Less than 10 people in the world.Jessica was overwhelmed. Her son's diagnosis is so rare that the medical professionals were telling her that they "don't know much about." Since that day, the Fletchers have learned a lot. Pitt Hopkins Syndrome (PTHS) is a condition that causes severe developmental delays, breathing abnormalities, and possible seizures. Children with PTHS tend to have distinctive physical features, such as a single palmar crease on the hands, fetal pads on fingers and toes, slim feet with the shortening of little toes, a wide mouth and prominent lips with deep-set eyes.

Ian's favorite sport to play is basketball. He's a little fish who loves to swim. He loves being around people. His favorite class is music. He listens to and enjoys all kinds of music. Ian managed to learn how to walk with assistance at age 4. He is currently 9 years old, but was recently evaluated as functioning at the level of 1 year old. Jessica explains, "He brings a smile to everyone around him and he shines with joy all the time. We have always remembered to focus on what he can do, rather than what hecan't."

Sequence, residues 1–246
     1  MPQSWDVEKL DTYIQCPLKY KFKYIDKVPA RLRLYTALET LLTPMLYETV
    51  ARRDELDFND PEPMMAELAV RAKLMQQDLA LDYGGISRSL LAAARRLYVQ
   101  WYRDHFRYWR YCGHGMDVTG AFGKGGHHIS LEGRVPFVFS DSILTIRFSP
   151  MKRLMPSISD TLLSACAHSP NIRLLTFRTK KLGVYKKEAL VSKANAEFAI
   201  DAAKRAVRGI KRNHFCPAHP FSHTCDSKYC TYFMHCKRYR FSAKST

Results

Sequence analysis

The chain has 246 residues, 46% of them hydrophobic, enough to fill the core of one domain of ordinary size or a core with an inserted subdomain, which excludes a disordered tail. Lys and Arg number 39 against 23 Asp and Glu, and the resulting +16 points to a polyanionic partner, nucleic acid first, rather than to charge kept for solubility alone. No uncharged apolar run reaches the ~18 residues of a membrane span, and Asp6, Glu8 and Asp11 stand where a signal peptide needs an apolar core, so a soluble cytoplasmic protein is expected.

As a 501(c)(3) non-profit, here at Chive Charities we thoroughly vet each grant application that comes through. We assess both the medical and financial need of each qualifying applicant to determine what kind of grant, if any, we can provide. Despite all the medical complications, tests, and doctor visits, the Fletcher family has been blessed with insurance that has covered most of their needs. Our donation to them will seem modest compared to past campaigns, but there are some essential items they need that aren't covered by insurance. Thanks to your continued donations to the Chive Fund, we are providing the Fletchers with a $1,200 grant! The grant will go towards physical therapy equipment and an iPad with nonverbal communication apps!